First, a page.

US 3912478 A
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350-9n15 sa 1 xi? :3 9912, 078 g I I; r a I: a, ,2 United 3 or [1i] 3 912 47 Stfl :2; Q g g y a a Presby Oct. 14, 1975  METHODS OF INTRODUCING 3,282,668 1 l 1966 Mabru 65/5 X GEOMETRICAL VARIATIONS IN OPTICAL 3,526,569 9/1970 Chopra 6t 81.... 264/210 F X FIBERS 3,666,348 5/1972 Marcatili 65/DlG. 7
3,687,514 8/1972 Miller et a1. 65/D1G. 7
Inventor: Herman Melvin Presby, Highland Park, NJ.
Assignee: Bell Telephone Laboratories,
Incorporated, Murray Hill, NJ.
Filed: June 17, 1974 Appl. No.: 479,820
US. Cl. 65/2; 65/5; 65/13; 65/DIG. 7; 264/210 F; 425/76 Int. Cl. C03B 37/02 Field of Search 65/2, 4, 13, 5, DIG. 7; 264/1, 210 F; 425/76 References Cited UNITED STATES PATENTS 11/1962 Warthen 65/12 X GAS SSUPPLY Primary ExaminerRobert L. Lindsay, Jr. Attorney, Agent, or FirmS. Sherman  ABSTRACT The diameter and axial alignment of an optical fiber is varied by means of one or more gas streams directed against the fiber as it is being drawn. By controlling the intensity of the gas streams, the spatial distribution of the geometrical variations produced by this means can be controlled, thereby producing controlled mode coupling in the fiber.
5 Claims, 4 Drawing Figures GLASS Z PREFORM US. Patent 0on4, 1975 Sheet 1 of2 3,912,478
GAS SUPPLY FIBER NOZZLE 24 TUBlNG PUMP 222 FIG. 2
GAS SUPPLY US. Patent 00. 14, 1975 Sheet 2 of2 3,912,478
ELECTROMECHANICAL 30 VALVE GAS SUPPLY SIGNAL SOURCE,
METHODS or INTRODUCING CEOMETRICAL VARIATIONS IN OPTICAL FIBERS BACKGROUND or THE INVENTION In U.S. Pat. No. 3,687,514, it is shown that the mode dispersion in a multimode waveguide can 'be reduced by deliberately enhancing the mode conversion processes in the waveguide. This is accomplished by introducing imperfections into the waveguide. These imperfections include changes in the cross-sectional dimensions of the guide and/or changes in the direction of the guide axis. I The inclusion of these discontinuites tends to enhance the coupling among the -variou's modes. The greater the coupling, the greater theprobability that the wave energy will be more uniformly distributed among all of the. possible modes. As a result, thetime it takes for all of the wave energy to traverse the entire length of the waveguide is more nearly the same. Thus, whereas a pulse of wave energy, simultaneously launched onto an ideal waveguide in two different modes, would arrive at the output end of the guide as two pulses, separated in time by an interval proportional to the length of the guide, the same-pulse propagating along a guide in which the 'mode coupling is deliberately enhanced would arrive as a single, somewhat broadened pulse. While random coupling among the modes tends to reduce dispersion, it also tends to increase losses due to the coupling of some of the energy from guided to unguided (radiating) mode. Accordingly, means are advantageously employed which substantially limits the coupling to among only the guided modes while minimizing the coupling among the guided and the unguided modes. For example, in U.S. Pat. No. 3,666,348, the coupling is restricted to selected pairs of guided modes by controlling the spatial periodicity of the coupling mechanism. In particular, the spatial periodicity is made equal to the beat wavelength for the two modes. In more complex systems, more complicated coupling arrangements are provided.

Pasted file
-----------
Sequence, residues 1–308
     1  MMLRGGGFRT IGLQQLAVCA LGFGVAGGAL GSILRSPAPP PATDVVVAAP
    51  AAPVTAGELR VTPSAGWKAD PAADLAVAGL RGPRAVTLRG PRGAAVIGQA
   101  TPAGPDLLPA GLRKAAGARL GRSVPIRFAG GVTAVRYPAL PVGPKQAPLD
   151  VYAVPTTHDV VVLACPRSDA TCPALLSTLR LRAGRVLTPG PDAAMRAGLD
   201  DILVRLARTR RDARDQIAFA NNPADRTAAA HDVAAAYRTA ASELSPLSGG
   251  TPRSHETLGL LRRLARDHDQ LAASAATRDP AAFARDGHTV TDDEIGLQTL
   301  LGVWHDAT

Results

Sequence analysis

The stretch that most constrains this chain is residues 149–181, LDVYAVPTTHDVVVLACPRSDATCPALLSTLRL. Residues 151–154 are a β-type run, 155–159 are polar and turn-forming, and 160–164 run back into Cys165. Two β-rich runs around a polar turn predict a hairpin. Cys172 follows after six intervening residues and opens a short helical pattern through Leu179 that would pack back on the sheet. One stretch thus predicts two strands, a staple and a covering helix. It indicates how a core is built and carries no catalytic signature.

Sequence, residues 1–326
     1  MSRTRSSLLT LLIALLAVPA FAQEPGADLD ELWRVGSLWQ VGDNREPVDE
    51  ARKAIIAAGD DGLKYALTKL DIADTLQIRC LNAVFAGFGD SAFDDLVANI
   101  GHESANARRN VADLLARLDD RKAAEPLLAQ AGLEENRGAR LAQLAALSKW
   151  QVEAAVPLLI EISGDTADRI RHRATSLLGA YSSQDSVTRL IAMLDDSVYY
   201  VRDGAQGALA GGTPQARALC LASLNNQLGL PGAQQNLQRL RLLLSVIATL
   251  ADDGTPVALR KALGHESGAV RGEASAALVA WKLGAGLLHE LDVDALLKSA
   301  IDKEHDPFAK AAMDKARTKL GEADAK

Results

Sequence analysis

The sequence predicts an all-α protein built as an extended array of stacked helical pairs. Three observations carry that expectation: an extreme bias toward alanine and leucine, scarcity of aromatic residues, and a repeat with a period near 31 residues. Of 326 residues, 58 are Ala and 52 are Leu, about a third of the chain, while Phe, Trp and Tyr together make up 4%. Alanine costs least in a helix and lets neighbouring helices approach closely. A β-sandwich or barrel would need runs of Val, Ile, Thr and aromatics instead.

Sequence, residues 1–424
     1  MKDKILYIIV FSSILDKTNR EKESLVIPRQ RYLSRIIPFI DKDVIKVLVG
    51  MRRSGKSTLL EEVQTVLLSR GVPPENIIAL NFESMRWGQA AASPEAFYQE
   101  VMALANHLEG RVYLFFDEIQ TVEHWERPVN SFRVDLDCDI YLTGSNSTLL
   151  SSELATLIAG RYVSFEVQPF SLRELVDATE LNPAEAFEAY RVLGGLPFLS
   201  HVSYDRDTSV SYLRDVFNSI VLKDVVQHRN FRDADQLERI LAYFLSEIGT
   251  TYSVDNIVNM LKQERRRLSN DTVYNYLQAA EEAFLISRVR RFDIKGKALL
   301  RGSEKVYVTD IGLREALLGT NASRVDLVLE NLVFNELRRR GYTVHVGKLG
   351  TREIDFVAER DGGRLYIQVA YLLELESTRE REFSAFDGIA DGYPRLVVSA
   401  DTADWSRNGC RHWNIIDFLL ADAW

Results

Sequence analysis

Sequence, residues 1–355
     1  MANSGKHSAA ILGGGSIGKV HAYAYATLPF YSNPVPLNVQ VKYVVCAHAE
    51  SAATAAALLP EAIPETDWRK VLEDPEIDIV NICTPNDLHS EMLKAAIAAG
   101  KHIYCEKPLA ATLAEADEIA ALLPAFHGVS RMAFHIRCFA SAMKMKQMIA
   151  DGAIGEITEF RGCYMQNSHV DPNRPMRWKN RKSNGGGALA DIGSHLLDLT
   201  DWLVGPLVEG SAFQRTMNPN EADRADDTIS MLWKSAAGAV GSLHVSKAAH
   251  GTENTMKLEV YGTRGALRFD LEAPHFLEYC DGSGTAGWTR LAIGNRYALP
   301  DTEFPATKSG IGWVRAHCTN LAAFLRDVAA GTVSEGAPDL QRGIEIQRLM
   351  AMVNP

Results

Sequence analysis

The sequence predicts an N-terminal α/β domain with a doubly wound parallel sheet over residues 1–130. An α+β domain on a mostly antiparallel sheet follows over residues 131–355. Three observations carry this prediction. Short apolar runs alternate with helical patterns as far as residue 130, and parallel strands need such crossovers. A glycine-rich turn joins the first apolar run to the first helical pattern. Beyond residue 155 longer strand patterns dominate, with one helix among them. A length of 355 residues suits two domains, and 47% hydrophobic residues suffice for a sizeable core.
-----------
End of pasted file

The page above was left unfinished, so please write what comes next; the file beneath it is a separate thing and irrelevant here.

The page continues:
The broad object of the present invention is to provide convenient means for introducing geometric variations having a prescribed spatial distribution along an optical fiber waveguide.
A more specific object of the invention is to produce said prescribed geometric variations while the fiber is being pulled from a molten supply of fiber material.